Perhaps above all, Tiresias’ significance lies in the argument that his prophetic sight makes up the matter of the poem, as conveyed in Eliot’s notes: ‘What Tiresias sees, in truth, is the substance of the poem’. His vision is the singular supply of all the several fragmented voices and characters, whose dialogue, thoughts and memories are conveyed certainly, this transcendent sight is what allows the numerous characters to ‘melt into’ 1 an additional, creating a unifying impact. When viewed in this manner, it appears as if the entirety of the poem is the prophecy of Tiresias- for that reason, it could be argued that he is the overall speaker all through. Certainly, Tiresias is the sole personage in the poem who appears to be self-conscious, as demonstrated through the repeated ‘I Tiresias’, specially when juxtaposed with the virtually babbling monologues of the other characters such as ‘Marie’ in ‘The Burial of the Dead’, who is even only named indirectly: ‘and he stated, “Marie, hold on tight”’. Similarly, the distinctive use of parentheses to pinpoint Tiresias’ reflections seems to elevate them from the surrounding narrative, highlighting the authority of his ‘seeing’ in comparison to the activity of other characters. Nonetheless, Eliot’s notes are not necessarily to be taken at face value arguably, they are just as a lot a element of the poem as the poetry itself, and as cryptic. Possibly, much more basically, Tiresias is a dispassionate ‘fragment’ of Eliot, hunting upon each the state of the western planet as properly as his own life and private struggles, presenting them in the way which they appear in his thoughts: fragmented. Indeed Tiresias seems to represent the internalised understanding of the speaker, which Eliot is fundamentally attempting to seek out.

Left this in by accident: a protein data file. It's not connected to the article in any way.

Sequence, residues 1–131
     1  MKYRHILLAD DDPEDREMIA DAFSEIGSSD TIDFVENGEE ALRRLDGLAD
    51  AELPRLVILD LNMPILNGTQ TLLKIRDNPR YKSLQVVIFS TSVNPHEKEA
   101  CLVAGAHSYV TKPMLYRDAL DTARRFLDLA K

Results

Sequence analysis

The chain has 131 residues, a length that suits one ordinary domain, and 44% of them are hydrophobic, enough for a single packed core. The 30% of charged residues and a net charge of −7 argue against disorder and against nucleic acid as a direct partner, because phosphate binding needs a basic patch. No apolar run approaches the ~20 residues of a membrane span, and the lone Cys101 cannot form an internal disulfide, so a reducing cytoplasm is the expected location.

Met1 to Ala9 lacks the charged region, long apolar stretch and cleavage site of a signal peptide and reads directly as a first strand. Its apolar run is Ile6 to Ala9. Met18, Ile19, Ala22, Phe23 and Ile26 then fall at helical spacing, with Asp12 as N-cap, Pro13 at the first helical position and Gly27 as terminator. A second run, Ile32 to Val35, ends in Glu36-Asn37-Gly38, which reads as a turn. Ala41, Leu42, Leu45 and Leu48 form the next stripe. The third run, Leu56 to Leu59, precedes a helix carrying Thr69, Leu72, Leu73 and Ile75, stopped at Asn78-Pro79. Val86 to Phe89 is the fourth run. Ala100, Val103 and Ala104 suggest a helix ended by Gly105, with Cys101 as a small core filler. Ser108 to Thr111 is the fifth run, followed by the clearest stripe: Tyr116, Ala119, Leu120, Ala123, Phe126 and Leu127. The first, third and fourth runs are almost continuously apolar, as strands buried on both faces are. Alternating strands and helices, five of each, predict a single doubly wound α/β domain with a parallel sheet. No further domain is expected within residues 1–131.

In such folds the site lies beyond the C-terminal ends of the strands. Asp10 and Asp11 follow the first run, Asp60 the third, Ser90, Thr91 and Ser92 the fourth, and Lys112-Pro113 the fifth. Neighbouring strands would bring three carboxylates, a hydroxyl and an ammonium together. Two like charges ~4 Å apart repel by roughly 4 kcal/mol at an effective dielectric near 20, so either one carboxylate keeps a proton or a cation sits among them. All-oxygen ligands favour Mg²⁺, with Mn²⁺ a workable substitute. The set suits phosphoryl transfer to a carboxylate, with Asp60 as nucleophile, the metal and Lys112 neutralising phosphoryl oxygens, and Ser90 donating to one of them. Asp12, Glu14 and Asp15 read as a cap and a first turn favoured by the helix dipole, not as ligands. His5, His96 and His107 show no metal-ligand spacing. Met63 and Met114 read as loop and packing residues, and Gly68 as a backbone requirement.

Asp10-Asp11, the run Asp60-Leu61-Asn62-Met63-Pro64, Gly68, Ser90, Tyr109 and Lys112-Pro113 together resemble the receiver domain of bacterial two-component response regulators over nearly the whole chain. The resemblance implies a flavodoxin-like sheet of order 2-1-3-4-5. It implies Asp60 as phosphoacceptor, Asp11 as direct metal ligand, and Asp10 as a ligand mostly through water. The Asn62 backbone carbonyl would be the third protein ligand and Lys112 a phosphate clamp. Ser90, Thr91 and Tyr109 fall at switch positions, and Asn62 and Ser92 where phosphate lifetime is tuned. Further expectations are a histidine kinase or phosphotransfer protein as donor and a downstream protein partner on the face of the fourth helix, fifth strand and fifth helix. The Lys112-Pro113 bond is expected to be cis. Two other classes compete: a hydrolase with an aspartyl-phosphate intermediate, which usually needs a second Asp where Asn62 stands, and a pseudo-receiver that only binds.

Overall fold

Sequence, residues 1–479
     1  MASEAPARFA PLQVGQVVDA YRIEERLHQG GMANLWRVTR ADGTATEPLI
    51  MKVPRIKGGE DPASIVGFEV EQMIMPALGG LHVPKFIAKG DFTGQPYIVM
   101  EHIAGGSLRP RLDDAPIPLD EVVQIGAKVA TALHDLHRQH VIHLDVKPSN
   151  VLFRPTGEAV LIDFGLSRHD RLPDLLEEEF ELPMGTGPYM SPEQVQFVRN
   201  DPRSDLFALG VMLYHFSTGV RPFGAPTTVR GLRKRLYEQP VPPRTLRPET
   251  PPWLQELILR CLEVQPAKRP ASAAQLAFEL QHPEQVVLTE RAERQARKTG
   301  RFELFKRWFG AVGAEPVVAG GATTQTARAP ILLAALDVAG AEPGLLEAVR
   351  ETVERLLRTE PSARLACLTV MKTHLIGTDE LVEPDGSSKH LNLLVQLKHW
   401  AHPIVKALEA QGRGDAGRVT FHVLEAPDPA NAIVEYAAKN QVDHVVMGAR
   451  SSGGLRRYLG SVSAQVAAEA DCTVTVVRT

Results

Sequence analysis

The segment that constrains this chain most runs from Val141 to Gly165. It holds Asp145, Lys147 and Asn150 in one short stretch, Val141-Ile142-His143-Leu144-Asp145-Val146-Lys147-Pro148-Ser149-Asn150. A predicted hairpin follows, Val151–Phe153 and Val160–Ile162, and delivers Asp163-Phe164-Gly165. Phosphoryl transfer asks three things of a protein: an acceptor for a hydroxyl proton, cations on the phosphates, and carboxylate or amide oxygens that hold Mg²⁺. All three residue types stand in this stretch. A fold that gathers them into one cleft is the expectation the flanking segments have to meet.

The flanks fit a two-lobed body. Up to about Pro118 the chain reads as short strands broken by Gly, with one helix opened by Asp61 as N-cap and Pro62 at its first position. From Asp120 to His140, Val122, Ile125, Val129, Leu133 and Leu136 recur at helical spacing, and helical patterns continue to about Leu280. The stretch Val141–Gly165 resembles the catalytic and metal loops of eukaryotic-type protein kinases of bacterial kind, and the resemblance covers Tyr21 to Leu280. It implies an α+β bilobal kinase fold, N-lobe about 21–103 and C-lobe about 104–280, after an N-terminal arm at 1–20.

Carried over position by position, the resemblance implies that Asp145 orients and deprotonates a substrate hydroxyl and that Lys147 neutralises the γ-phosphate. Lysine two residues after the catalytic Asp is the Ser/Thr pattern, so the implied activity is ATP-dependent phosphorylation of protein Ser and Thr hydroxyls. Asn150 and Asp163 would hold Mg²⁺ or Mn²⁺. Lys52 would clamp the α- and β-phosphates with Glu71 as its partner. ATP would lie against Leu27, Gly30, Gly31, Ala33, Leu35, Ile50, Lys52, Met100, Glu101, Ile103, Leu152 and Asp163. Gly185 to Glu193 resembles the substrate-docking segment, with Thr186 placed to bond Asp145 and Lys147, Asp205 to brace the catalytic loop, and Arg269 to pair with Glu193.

Every man, arguably, is his personal prophet, and seemingly ‘the waste land’ is a state of thoughts, the essence of which is conveyed to the reader by the destabilising and disorientating mixture of allusions, images and voices. It is by means of the prophetic omniscience of Tiresias that this is communicated as a result he is the figure at the heart of the poem, at when bridging the gap between male and female characters, as nicely as connecting the present state of ‘the waste land’ to the future, foreseeable resolution and recovery. Whether he is viewed as the mythological prophet, the metaphorical voice of Eliot, or the embodiment of every character in the poem, it is evident that the text would seem disunited, and purposeless, without his presence.